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  1. #1
    Join Date
    Dec 2011
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    3

    Default Easement Granted to Someone Who Does Not Own Property

    My question involves an easement in the state of:Pennsylvania.

    There is a common driveway for the residents of one block of homes, with roads on both ends(13 homes). We have a elementary school one block from the properties.

    A resident outside of this block insists he has the 'permission' to use our common driveway as a walkway because he was given that permission from an owner (one of the 13) who lives at the end of the block-this non-resident walks through most all our properties to get to this resident's home, then cuts across her property to the street to get to his home. The fact that i, nor the other 12 property owners of the driveway have agreed to this daily use of the driveway has no effect on this person-I and the others are concerned about the liability we might incur based on the blanket 'permission' given this non-resident and their child (who has a tendency to wander off the driveway, ahead and behind the adult). In addition, there is the fact that the driveway has been posted for over 10 years, on both ends: Private property, No trespassing, no thru-traffic.

    The residents rarely use this for foot traffic-it is actually pretty busy with vehicular activity, hence our concern about liability. We often have high school students use this as a short-cut illegally (the high school is 1/4 of a mile away) and they can cut through pretty fast-so it is not necessarily a safe place for foot passage. Neighbors park out of the way of the actual driveway,, but can and do back out of parking spaces-potential for injuring someone who does not belong there by our way of thinking. We think this resident does not have the right to blanketly grant someone the use of all properties for this purpose. Please advise, and thanks.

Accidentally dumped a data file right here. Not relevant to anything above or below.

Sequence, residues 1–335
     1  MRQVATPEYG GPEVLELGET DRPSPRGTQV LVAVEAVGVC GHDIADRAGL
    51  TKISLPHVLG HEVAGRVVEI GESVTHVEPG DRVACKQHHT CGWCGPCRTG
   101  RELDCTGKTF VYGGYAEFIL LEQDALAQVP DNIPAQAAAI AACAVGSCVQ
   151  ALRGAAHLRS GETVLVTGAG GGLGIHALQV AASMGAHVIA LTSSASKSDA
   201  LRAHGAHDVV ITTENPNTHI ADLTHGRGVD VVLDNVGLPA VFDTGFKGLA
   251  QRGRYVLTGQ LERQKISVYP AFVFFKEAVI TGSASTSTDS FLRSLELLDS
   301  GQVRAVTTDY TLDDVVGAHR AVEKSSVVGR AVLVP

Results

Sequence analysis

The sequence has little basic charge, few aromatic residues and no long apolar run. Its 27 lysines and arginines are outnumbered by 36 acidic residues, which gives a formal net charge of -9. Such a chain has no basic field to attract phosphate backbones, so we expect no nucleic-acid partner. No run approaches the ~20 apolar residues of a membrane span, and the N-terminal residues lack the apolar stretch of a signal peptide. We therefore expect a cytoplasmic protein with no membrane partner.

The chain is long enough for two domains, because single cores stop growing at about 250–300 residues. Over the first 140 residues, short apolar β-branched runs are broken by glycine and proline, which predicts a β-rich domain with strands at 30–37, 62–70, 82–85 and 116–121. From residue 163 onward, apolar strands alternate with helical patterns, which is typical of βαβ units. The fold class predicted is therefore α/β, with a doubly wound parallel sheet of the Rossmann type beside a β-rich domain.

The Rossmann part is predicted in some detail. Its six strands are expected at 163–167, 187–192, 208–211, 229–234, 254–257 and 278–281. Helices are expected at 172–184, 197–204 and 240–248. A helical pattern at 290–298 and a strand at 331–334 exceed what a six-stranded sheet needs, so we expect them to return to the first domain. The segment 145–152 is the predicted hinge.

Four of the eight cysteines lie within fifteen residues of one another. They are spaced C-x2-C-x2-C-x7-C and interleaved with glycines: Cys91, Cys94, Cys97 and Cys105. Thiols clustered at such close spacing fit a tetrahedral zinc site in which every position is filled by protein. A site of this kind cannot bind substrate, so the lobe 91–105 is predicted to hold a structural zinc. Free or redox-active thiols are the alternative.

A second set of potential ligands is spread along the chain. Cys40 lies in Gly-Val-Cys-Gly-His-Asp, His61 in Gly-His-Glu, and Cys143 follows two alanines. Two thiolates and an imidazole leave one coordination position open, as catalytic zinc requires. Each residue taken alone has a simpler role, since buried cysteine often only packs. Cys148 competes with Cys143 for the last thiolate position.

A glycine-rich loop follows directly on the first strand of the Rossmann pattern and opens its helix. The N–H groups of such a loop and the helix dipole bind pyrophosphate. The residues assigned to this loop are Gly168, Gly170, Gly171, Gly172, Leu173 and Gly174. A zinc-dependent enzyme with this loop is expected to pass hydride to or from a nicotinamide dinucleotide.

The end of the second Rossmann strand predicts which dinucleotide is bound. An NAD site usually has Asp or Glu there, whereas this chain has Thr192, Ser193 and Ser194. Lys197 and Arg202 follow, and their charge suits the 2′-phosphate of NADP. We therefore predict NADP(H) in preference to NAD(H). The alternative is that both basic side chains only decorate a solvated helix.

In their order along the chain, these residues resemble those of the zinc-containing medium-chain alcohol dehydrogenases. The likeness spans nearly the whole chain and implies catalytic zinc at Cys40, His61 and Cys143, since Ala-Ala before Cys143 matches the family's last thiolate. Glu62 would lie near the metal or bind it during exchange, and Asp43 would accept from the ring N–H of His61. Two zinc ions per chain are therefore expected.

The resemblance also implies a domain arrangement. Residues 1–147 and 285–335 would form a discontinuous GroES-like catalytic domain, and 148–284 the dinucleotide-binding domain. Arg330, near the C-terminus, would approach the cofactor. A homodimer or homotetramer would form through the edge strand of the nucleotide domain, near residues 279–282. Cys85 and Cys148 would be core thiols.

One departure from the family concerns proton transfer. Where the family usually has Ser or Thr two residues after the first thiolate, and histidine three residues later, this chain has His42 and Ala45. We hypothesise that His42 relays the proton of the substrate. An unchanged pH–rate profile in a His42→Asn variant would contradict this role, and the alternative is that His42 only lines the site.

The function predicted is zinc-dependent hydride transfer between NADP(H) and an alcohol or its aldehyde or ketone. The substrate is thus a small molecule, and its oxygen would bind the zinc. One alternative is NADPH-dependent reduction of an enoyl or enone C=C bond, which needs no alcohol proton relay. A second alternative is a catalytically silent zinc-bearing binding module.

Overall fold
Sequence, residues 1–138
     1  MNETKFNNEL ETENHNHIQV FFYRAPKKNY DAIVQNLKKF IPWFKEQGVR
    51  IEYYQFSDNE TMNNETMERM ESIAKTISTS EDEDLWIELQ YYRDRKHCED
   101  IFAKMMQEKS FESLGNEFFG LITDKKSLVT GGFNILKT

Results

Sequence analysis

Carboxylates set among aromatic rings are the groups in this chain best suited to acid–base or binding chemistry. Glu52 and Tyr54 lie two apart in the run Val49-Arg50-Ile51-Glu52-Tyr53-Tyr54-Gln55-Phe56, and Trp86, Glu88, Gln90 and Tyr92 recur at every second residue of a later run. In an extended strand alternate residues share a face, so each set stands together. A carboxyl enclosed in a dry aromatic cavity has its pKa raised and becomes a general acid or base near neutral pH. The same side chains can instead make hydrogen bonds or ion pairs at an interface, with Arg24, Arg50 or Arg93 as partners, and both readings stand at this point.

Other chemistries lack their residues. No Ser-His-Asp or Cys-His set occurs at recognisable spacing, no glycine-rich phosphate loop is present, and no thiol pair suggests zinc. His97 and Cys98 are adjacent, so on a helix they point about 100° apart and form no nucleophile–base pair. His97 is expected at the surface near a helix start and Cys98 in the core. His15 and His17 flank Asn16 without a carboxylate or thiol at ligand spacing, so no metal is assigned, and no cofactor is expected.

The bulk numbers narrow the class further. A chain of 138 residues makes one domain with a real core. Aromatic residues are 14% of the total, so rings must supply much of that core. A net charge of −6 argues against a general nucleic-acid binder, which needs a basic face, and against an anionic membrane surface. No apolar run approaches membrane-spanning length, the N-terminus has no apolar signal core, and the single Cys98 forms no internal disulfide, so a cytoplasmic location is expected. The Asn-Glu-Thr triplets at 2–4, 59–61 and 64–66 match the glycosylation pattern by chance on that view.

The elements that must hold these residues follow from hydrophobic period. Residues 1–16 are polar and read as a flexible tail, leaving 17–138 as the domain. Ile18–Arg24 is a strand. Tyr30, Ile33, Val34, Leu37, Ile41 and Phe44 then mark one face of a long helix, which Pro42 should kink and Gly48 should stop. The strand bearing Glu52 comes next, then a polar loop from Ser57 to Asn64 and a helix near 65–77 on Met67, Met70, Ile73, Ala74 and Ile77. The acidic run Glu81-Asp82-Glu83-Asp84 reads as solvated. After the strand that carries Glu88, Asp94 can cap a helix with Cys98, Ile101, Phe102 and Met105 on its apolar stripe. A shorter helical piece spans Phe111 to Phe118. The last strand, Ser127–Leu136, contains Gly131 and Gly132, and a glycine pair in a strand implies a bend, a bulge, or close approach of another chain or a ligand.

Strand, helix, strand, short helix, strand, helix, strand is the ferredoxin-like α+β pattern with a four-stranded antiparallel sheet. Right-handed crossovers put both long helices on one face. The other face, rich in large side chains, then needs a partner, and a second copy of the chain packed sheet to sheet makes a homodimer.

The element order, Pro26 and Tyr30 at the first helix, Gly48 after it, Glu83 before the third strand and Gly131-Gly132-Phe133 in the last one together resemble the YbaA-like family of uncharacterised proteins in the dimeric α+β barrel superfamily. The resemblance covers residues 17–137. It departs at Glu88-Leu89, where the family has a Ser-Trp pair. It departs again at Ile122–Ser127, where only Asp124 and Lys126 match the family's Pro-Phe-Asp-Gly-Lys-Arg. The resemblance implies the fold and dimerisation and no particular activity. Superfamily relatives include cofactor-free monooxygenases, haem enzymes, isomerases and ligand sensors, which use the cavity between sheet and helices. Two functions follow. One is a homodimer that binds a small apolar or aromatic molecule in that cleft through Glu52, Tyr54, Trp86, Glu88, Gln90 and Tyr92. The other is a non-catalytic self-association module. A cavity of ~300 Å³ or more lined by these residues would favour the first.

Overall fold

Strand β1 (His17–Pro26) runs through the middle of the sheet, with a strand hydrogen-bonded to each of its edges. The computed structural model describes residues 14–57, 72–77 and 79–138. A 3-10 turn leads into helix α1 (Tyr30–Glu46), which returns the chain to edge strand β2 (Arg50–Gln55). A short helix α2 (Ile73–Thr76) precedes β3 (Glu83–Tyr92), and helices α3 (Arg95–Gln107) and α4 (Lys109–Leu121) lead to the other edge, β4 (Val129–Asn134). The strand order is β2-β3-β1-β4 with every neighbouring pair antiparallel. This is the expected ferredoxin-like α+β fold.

2. #2
    Join Date
    Jan 2006
    Posts
    27,804

    Default Re: Easement Granted to Someone Who Does Not Own Property

    Does the easement actually cross each lot? If so, who is listed as the dominant tenant(s) for any given property?


    what are the allowed uses and or restrictions on the easement?

  3. #3

    Default Re: Easement Granted to Someone Who Does Not Own Property

    I have kind of a similar situation---our neighbor has to cross our prop via a road to get to his house. When we sold the property his house is on, we had an attorney draw up "covenants and restrictions". Since we pay the taxes on the property, we have the final say.

  4. #4
    Join Date
    Dec 2011
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    3

    Default Re: Easement Granted to Someone Who Does Not Own Property

    Quote Quoting jk
    View Post
    Does the easement actually cross each lot? If so, who is listed as the dominant tenant(s) for any given property?


    what are the allowed uses and or restrictions on the easement?
    the easement does cross at least half the lots-the center of the driveway is the property boundry so the non-resident and their 5-6 year old are crossing property not owned by them or the person who granted 'permission'. The dominant tenant for any given property would be the deed holder I would think...for each individual property.

    I guess the point is, giving someone permission to come to the back of one's home, accessing someone else's property is one thing-but to just leave it open to any time, day, or method of access (on foot, by vehicle) with no regard to the rights of other property owners and consideration of their liability should not be allowed-that is our position. The general feeling is that this 'trespasser' is being obstinate. We are generally concerned that this will set a precedent-others will assume it is alright to use our property as a cut-through, and will will have risk and liability due to the actions of one resident.